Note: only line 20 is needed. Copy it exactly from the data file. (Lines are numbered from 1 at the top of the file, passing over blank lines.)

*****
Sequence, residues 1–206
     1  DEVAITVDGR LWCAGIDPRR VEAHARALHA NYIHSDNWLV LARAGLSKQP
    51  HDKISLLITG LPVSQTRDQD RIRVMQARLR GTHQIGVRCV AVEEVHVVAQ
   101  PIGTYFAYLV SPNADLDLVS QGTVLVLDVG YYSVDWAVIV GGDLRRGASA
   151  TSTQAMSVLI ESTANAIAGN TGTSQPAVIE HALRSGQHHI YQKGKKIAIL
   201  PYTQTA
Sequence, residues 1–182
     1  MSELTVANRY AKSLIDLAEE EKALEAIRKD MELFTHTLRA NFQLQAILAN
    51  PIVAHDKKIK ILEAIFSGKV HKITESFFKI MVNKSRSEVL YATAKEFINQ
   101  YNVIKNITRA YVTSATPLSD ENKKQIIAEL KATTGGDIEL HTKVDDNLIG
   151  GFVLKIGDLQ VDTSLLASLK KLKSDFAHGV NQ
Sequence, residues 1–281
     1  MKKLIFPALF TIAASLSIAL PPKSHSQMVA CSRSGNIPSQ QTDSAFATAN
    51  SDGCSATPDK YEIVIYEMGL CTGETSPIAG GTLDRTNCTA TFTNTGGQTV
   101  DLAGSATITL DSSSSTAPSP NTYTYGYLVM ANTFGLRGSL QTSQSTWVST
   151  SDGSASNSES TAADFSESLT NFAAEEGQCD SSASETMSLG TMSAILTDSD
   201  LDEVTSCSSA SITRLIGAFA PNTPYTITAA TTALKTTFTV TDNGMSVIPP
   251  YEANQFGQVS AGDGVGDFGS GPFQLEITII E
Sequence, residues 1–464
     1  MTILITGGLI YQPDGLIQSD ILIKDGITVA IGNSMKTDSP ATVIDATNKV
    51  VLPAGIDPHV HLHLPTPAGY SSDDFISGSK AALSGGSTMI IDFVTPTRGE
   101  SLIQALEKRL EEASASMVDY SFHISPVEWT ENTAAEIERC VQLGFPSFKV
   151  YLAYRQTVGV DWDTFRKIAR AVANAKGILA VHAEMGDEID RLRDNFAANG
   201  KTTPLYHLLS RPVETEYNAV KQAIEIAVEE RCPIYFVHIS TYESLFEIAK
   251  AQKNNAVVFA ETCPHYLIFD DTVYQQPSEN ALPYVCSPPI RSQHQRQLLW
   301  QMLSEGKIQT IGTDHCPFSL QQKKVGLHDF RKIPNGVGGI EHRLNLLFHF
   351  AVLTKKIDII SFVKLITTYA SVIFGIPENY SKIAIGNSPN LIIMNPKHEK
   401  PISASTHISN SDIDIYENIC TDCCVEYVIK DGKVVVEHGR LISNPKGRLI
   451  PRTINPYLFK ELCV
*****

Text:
     1  MTILITGGLI YQPDGLIQSD ILIKDGITVA IGNSMKTDSP ATVIDATNKV